Elder-Well Is Former ‘Zees' First Try as Franchisor
Ken and Kara Harvey are launching Elder-Well, an adult day program offered in franchisees' homes or leased residences.
Two former Home Helpers franchisees are launching Elder-Well, what they call a first-to-market franchise in which owners offer an adult day program for seniors in their own homes or in leased single-family homes or commercial buildings.
Investment to get started ranges from $61,800 to $149,200, said co-founders Ken and Kara Harvey, but no financials are available because no Elder-Well unit exists yet. “We did have a corporate unit and we suspended the operation to go full-time in developing the franchise model,” said Ken Harvey, who also sold his aging-in-place remodeling business to launch the new franchise.
“In our model, one caregiver can care for up to six people,” he added, vs. the one-to-one ratio in homecare services. “The cost to send someone to our place for the day is roughly half the cost of having a caregiver from home care.”
Daily fees are charged, working out to be $14 to $19 an hour depending on the number of days used. “We have other multiple revenue streams for franchisees,” added Kara Harvey, CEO, such as charges for medication reminders, extra dementia care, personal care assistance and long-term care placement.
Kara Harvey said their experience at Home Helpers taught them how to be franchisors. “It was a positive experience. With the support and training, it allowed us to grow that business rapidly,” she said. “Just having that sense of being part of a team—it was great and I want to do that for our future franchisees, be able to support them and give them all our knowledge.”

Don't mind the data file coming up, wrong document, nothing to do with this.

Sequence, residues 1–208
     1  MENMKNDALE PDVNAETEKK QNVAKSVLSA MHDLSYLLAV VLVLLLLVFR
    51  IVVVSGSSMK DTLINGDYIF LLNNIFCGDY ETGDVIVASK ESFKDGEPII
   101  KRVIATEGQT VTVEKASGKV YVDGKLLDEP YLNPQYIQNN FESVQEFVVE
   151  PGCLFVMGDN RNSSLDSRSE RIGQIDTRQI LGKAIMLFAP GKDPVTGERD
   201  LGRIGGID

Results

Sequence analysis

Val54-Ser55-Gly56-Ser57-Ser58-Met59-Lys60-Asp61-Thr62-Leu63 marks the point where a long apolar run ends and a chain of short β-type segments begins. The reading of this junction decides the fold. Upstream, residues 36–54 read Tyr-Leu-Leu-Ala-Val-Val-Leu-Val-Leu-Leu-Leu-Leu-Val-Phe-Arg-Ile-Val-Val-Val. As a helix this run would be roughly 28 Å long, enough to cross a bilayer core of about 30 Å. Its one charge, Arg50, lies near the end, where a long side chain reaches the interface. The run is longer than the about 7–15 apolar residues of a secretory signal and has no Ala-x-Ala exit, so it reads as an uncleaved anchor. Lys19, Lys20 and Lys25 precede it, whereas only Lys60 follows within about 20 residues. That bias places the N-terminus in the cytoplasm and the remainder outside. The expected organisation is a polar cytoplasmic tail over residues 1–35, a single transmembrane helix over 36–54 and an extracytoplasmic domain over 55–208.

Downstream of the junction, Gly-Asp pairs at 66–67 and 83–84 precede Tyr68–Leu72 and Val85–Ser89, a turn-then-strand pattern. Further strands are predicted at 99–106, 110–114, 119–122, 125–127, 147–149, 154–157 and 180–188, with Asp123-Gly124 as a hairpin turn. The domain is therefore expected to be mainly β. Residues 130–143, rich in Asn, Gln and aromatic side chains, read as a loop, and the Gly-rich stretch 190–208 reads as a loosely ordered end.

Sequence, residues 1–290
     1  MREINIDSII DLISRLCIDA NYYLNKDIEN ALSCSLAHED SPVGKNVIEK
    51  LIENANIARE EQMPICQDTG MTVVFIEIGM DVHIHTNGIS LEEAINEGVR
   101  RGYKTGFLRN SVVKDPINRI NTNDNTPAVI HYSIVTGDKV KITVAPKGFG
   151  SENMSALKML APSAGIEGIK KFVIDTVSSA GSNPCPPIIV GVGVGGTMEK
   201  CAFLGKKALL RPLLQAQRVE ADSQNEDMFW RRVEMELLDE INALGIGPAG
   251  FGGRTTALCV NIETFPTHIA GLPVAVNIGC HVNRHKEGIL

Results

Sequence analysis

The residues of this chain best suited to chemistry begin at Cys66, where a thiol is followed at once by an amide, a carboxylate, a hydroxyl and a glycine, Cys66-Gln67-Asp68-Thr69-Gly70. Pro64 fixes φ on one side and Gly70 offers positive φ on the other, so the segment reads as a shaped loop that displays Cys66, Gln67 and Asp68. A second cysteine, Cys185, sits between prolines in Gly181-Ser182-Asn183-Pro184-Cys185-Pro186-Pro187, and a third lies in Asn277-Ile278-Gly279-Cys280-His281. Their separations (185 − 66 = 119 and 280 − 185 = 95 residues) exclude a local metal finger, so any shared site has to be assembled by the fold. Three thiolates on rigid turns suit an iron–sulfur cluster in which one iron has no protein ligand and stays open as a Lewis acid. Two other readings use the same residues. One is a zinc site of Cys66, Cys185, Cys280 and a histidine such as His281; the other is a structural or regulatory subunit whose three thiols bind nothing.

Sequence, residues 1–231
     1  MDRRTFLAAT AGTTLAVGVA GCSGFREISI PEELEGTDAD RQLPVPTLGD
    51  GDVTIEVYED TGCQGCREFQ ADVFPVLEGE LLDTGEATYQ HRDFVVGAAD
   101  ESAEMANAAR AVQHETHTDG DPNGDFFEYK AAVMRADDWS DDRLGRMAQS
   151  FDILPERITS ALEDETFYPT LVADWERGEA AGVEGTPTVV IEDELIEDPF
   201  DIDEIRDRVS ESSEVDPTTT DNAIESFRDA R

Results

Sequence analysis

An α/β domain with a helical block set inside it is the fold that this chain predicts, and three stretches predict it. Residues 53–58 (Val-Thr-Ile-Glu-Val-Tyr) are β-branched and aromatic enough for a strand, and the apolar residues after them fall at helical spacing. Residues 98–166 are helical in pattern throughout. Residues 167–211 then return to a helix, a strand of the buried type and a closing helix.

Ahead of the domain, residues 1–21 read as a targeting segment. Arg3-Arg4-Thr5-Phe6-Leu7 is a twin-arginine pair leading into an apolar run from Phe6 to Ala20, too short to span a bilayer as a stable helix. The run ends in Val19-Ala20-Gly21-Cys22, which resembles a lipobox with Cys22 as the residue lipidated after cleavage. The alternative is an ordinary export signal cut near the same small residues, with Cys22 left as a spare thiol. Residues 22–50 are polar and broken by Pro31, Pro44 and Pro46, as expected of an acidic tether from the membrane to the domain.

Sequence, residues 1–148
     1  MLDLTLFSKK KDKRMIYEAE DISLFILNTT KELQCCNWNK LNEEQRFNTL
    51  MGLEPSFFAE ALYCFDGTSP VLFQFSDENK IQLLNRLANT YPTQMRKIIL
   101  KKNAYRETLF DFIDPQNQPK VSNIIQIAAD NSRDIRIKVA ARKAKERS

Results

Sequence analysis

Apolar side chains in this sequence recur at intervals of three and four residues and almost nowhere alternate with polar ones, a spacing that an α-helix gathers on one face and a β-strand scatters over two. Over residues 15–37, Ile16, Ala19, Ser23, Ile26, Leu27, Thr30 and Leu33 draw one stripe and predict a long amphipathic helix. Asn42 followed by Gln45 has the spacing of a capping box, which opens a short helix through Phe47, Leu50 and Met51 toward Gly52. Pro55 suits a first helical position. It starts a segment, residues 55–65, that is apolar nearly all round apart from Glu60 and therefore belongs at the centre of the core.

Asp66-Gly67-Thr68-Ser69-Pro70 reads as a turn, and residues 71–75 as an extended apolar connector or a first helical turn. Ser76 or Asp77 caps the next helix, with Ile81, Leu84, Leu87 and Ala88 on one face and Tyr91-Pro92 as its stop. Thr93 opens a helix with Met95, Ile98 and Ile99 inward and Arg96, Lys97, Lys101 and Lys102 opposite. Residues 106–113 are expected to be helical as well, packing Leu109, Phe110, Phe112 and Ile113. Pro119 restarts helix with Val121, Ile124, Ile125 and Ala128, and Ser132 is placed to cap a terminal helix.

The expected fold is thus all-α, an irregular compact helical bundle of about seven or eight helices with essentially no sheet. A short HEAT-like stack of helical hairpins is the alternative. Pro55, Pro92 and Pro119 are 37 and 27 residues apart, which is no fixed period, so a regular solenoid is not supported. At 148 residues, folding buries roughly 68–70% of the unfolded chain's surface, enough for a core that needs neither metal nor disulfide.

The Harveys have retained Kathleen Kuhn, who heads up the HouseMaster and PatchMaster franchises, as a franchise adviser. “I’ve known Ken and Kara personally for many years, and I knew them as business owners and I knew them as franchisees and they were very successful,” she said. “When they decided to roll out their business model, my franchise gene kicks in.”
Kuhn likes the low-cost model and the Harveys’ deep knowledge of the space. “It could actually be better for the senior and less expensive for the senior, than even having an in-home caregiver. I just think it’s a win-win formula,” she said.
Although many franchised home healthcare services compete for clients—the Franchise Times Top 200+ includes 15 of them in its annual ranking—the Harveys say Elder-Well would be the first franchised adult day program with a social-supportive model, meaning the social well-being of clients, not their medical needs, is the focus and services are provided in a home rather than an institution.
Senior Helpers recently launched an adult day program called Town Square, providing “reminisce” therapy to people with dementia in a 1950s-style community. Town Square will employ Senior Helpers caregivers at a discounted rate in its facilities.